When initially launched, Google's Knol (the seeming competitor to Wikipedia) was widely dismissed as a flawed concept - placing the experts back at the top of the knowledge-creation food chain, in contrast to the more open and all together 'democratic' Wikipedia. That was then. Now, well, things seem to be a little different. From the Guardian Technology section:
Wikipedia editors seem to be dropping like flies, according to research by Felipe Ortega, from the Universidad Rey Juan Carlos in Madrid. He analysed Wikipedia's data on the editing histories of its more than three million active contributors in 10 languages and found that "in the first three months of 2009, the English-language Wikipedia suffered a net loss of more than 49,000 editors, compared to a net loss of 4,900 during the same period a year earlier," reports The Wall Street Journal.
But why? Hard to say, but a constant theme in the comments below (and that I've read elsewhere this last 6-12 months) is that many Wikipedians are leaving citing abusive, power-mad editors.
And many of them have jumped ship and gone over to Knol. From the comments section below the main article:
For two years, I maintained an important contemporary dental and oral surgery topic after heavy research, writing and editing to establish the all-important standard of care. I am a tech journalist with ample experience and training.
Suddenly the topic was dumbed down, removing long-standing authoritative referenced content critical for patient safety. It seemed to me as if some malpractice insurance carrier was suddenly editing the material, doing serious damage to the safety aspects as if worried that someone might wave the Wikipedia article from the witness box in front of a jury. Oh, Wikipedia says xyz is the standard of care. Since the surgeon did not use xyz, let's give a $M to the plaintiff.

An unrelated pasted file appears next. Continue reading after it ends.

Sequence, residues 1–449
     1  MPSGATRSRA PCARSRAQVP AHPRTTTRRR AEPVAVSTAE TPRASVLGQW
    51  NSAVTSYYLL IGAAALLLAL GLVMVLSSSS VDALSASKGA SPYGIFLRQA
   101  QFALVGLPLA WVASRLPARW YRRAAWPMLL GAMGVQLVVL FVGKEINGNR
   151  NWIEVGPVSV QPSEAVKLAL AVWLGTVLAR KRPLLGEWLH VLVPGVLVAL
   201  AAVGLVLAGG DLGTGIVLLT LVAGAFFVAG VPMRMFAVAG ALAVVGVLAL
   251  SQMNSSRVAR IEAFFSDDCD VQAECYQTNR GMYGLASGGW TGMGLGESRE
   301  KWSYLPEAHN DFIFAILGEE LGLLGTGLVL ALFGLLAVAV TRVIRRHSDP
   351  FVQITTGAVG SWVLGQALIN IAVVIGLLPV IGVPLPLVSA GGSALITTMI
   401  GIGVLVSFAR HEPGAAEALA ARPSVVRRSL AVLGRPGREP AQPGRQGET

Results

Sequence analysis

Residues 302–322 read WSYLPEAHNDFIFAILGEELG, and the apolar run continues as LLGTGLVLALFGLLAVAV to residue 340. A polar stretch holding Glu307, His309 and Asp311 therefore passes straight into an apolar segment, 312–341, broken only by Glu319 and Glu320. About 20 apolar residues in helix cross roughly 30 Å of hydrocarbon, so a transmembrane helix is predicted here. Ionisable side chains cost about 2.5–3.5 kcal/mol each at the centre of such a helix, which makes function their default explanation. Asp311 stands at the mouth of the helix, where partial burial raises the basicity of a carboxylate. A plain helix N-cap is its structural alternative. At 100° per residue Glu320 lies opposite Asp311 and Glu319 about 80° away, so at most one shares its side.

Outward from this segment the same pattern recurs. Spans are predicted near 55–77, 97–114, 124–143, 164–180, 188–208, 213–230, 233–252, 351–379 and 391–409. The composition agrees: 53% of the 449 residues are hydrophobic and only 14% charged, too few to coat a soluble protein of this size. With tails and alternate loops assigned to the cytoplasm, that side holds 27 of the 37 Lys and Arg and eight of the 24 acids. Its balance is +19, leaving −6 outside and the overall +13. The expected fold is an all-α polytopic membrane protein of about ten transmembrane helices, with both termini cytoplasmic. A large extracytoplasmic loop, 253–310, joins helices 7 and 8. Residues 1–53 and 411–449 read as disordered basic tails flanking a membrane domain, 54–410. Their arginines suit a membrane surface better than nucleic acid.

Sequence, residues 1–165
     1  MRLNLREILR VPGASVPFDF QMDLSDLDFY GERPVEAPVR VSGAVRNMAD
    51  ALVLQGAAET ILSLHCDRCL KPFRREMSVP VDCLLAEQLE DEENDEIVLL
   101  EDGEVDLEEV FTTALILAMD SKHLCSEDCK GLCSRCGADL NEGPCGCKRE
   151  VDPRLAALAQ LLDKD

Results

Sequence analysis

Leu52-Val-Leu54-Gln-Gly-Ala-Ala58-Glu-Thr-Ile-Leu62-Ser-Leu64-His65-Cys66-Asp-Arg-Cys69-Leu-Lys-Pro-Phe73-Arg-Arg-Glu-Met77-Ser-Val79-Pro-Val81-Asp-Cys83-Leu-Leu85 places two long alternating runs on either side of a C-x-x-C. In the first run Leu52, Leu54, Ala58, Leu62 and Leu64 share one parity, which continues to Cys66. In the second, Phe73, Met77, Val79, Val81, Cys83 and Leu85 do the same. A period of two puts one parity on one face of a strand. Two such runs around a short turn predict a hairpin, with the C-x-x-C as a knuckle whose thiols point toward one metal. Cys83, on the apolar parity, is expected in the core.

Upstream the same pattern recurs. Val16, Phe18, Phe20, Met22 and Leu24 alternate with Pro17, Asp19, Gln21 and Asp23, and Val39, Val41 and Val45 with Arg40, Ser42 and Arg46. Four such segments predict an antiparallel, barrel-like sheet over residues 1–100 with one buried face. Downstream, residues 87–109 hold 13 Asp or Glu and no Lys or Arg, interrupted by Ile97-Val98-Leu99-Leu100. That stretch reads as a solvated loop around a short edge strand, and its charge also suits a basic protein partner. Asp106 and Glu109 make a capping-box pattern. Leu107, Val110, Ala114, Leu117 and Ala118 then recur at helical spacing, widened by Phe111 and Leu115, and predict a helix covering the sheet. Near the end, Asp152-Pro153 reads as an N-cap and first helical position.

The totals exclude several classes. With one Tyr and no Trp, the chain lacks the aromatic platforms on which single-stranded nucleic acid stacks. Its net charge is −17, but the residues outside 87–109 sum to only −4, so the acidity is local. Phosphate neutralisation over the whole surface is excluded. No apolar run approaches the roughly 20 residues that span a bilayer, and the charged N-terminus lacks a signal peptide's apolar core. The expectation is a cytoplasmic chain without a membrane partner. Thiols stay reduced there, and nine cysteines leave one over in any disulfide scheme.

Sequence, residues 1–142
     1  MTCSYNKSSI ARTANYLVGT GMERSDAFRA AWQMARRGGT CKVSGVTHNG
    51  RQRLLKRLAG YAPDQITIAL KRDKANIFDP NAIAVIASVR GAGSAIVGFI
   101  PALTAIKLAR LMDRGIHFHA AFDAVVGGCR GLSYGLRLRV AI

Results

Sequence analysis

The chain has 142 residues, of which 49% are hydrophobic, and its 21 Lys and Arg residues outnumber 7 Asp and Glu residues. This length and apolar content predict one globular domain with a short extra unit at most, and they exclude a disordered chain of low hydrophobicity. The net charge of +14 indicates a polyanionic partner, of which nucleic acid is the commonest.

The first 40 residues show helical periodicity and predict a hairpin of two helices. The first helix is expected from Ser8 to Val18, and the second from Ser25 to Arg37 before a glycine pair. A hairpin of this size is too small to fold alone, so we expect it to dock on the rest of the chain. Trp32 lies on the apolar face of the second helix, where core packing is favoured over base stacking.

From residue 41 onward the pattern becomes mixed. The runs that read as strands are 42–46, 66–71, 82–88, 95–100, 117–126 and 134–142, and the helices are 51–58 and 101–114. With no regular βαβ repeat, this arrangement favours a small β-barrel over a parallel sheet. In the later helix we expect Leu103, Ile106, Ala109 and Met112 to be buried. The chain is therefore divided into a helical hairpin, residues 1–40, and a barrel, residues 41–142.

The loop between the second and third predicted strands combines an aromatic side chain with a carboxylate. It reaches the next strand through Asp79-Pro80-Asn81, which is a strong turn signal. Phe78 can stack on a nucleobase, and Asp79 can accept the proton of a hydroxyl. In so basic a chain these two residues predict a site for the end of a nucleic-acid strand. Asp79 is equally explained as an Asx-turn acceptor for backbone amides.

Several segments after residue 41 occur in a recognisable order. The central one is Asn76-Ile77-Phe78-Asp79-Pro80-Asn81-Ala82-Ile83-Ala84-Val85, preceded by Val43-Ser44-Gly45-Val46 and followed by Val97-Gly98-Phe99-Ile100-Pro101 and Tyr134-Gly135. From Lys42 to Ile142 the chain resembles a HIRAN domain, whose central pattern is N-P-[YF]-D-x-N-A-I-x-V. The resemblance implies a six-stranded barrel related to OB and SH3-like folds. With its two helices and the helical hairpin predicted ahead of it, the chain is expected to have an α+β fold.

I made repeated attempts to restore the content but it was always returned to the dumbed-down state. Somebody with a paycheck was watching. Disgusted, I jumped ship, rewriting and posting the content at Google Knol and at Scribd.com where no one but me can touch it.
Knol is very cool from a content management standpoint. My work has earned very high marks and I have now been invited to post at MedPedia (and I am working on it). Thousands have read the articles and many have downloaded. I am delighted because the safety issues are critical.
Is Knol for you? Give it a tumble, ask the top rated writers (many Wikipedia refugees, like me) for help. And have some fun with the low end stuff. Knol is a very liberal experience. www.knol.google.com.